- The Arduino Mega: For all the same reasons as the original Arduino, the Arduino Mega has its place in a prototyping or development environment. For a bit more money than the original, extra code space, processing power, and I/O pins are gained, with the same comfortable, familiar, and similar development tools. The Arduino Mega runs at $65, which makes for a costly 8-bit system.
- The Chumby Hacking Board: An interesting example of a product going from production to prototyping as an afterthought, this board is based on the guts of the Chumby One, featuring a 32-bit Freescale i.MX ARM processor at 454 MHz. This system has video out, as well as a trio of USB ports for all the peripherals you can find or write your own drivers for. The Chumby Hacking board clocks in at a reasonable $90 or so, though supplies seem to be dwindling, so act fast if interested.
- The Original BeagleBoard: At the top of the price range, the BeagleBoard (Revision C4) features a 600 MHz Cortex-A8 ARM processor capable of running a number of Linux systems, including Angstrom and Ubuntu. Designed to interface with cool toys like touchscreens, this board also features a powerful DSP chip for crunching numbers, as well as processing video and sound. For a newly discounted rate of $125, this compact powerhouse could be yours.
The Upper Crust ($150+)
At this price range, these boards often contain ARM processors from the Cortex-A series, and have more in common with high-end smartphones than the microcontrollers usually seen on Hackaday and in day-to-day life. Boards like these are a real investment, and often cost and perform similar to many older or low-end PCs and netbooks at a considerably more efficient performance to power use ratio in most cases. These boards tend to run Linux-based operating systems, including Android as well as others.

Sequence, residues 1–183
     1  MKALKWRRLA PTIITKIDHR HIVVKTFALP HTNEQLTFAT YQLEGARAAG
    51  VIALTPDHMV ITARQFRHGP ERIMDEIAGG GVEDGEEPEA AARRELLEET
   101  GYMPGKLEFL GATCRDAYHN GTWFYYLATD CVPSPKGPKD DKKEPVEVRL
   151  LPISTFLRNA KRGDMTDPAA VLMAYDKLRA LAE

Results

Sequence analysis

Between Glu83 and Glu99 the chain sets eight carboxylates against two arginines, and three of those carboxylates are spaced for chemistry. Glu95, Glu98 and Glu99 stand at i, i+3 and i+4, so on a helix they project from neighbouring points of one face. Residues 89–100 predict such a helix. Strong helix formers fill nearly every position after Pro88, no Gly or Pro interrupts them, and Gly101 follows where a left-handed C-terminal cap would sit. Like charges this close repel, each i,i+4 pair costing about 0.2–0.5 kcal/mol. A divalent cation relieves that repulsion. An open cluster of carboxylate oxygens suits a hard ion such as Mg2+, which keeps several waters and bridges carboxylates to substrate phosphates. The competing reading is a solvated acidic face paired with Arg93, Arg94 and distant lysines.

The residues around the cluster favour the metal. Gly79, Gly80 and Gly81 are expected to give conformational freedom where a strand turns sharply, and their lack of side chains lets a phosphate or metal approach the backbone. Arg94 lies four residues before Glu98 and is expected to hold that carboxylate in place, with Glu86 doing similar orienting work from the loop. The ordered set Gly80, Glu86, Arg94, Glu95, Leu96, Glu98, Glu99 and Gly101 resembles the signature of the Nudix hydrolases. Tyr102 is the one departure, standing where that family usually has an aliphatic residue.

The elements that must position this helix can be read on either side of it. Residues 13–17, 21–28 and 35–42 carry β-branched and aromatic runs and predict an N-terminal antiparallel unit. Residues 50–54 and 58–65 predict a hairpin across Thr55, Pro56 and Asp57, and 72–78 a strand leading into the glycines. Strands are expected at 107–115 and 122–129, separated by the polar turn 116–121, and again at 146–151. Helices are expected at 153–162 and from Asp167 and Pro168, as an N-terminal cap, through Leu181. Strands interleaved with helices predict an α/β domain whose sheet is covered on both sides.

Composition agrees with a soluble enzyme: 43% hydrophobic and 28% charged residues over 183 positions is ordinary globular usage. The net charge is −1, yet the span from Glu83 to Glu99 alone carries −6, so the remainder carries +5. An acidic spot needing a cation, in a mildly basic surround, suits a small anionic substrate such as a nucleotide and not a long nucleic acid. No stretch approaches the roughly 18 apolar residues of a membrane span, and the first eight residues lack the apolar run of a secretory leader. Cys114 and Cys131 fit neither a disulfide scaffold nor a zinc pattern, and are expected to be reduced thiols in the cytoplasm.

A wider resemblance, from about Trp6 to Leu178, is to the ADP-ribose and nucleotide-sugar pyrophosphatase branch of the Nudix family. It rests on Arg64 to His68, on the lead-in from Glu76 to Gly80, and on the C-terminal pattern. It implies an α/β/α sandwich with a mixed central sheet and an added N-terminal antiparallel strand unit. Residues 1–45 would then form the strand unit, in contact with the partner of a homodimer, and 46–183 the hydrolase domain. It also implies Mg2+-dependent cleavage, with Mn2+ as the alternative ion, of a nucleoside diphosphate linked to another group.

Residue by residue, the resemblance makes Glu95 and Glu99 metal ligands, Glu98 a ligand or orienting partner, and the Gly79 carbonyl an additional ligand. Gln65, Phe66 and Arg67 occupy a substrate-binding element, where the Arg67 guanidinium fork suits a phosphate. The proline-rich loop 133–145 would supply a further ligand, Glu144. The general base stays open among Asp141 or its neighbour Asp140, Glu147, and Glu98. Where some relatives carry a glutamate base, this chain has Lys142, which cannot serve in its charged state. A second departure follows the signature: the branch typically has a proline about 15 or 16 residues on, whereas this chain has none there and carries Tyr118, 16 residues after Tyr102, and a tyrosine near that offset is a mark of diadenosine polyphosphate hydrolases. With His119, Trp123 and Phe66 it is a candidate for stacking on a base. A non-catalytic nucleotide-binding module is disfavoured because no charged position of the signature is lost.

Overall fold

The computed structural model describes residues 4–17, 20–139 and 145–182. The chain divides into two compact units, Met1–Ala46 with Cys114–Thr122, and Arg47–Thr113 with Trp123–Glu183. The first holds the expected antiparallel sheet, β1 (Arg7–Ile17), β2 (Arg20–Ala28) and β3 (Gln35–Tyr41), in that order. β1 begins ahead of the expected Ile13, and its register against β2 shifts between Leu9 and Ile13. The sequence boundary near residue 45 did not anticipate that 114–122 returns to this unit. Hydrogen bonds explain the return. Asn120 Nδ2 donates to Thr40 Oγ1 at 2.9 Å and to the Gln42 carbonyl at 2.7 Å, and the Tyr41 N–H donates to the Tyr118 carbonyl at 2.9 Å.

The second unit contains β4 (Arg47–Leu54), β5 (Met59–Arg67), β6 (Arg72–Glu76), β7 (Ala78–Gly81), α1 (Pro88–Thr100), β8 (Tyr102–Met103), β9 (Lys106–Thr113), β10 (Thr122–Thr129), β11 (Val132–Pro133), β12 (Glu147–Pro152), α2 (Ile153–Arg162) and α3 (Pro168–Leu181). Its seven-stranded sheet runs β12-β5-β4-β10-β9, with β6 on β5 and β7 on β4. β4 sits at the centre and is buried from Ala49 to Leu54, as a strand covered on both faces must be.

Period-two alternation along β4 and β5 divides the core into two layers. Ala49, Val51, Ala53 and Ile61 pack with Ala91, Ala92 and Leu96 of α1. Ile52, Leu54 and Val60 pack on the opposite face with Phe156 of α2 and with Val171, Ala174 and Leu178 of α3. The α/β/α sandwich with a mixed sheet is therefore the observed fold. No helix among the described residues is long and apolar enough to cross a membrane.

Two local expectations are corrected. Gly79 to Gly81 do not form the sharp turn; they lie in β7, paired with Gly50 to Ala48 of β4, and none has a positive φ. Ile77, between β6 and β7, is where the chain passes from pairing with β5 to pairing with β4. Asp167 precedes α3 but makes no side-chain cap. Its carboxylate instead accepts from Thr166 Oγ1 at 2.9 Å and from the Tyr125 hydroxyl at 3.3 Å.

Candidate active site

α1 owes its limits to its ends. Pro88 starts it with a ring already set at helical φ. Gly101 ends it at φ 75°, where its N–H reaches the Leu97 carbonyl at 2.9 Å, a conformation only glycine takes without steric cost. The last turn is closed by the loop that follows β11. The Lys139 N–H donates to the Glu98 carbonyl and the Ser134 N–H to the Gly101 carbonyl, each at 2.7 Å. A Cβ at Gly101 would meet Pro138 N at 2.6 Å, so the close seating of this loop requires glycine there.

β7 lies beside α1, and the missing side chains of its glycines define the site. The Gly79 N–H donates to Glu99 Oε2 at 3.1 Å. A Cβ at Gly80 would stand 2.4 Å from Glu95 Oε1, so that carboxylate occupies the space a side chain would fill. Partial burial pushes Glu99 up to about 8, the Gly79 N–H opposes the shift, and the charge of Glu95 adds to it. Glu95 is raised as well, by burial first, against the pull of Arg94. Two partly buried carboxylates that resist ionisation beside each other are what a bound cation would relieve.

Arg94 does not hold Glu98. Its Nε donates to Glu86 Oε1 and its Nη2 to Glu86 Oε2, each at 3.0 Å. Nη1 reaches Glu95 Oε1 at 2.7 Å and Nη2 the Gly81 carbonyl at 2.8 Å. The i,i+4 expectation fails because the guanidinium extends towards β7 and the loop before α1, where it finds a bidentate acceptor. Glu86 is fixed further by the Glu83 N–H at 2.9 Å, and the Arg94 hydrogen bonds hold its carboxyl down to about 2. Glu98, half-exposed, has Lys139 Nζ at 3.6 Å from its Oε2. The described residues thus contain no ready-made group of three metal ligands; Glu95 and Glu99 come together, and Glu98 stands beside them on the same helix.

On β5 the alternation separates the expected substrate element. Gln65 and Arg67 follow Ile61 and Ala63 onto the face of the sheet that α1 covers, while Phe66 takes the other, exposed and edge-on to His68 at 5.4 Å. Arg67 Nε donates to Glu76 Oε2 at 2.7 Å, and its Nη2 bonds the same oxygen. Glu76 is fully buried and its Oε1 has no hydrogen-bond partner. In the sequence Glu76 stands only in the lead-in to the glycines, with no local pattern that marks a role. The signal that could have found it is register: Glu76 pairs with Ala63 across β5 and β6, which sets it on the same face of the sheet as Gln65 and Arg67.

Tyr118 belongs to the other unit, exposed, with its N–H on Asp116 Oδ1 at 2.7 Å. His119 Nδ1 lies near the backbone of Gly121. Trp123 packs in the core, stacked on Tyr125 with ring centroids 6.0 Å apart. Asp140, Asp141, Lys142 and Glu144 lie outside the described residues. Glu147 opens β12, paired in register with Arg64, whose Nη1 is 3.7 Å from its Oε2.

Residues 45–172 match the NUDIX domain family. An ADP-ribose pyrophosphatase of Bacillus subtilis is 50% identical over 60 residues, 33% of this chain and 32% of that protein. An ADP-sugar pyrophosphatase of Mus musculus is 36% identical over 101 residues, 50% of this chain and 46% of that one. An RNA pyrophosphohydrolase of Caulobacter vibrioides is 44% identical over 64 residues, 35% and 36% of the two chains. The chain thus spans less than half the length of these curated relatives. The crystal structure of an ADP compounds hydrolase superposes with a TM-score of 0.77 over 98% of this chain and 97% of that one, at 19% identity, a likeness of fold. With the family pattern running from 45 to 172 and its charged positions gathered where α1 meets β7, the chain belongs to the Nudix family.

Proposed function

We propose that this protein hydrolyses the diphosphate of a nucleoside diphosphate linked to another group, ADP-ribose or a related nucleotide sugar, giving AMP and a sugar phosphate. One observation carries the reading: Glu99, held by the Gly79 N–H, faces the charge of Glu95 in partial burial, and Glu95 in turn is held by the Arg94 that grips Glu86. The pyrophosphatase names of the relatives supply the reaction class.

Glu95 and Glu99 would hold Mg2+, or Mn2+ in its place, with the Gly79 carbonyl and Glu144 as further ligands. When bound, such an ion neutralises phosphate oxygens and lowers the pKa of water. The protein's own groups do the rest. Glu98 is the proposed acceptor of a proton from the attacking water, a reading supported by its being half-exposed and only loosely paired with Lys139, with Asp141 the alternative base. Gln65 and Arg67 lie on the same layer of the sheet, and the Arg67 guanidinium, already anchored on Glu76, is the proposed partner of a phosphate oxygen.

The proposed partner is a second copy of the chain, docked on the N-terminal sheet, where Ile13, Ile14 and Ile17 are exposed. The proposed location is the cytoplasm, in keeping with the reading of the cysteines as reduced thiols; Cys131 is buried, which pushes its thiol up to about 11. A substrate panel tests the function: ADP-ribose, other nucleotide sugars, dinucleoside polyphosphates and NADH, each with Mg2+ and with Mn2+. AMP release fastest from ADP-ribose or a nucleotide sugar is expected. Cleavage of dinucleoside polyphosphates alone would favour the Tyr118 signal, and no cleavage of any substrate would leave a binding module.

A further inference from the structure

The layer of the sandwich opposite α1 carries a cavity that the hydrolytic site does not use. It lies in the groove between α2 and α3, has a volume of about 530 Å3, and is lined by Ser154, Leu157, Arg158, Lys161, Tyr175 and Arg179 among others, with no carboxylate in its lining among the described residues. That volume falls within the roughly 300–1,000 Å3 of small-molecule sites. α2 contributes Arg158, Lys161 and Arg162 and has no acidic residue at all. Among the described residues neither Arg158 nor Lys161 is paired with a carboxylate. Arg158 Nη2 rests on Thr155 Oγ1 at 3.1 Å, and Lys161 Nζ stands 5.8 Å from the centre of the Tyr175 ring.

- The BeagleBoard xM: Coming in at just around $150, this big brother to the first BeagleBoard adds parts such as onboard Ethernet, an additional 2 USB ports, and a bump to a 1 GHz processor. Although the MSRP is listed at $149, a high demand has pushed the cost well above that at places where stocks are even available. Because of a strong similarity to the original BeagleBoard, the existing community is strong, and full of examples and guides to get the board going
- The PandaBoard: With features as far away from an 8-bit microcontroller as imaginable, this board comes dressed to the nines featuring a dual-core 1 GHz processor capable of handling 1080P video stream. We realize this is probably out of the ballpark of just about any “hack” level project at $174, but we know there are some engineers out there very excited to see this.
We know that brand and experience preference can be a strong motivator, so be productive with your advice and sound off in our forum with your picks for our follow-up post(s). We will do our best to wrap up all the information you provide into a more definitive, and hopefully even more informative guide for beginners and professionals alike.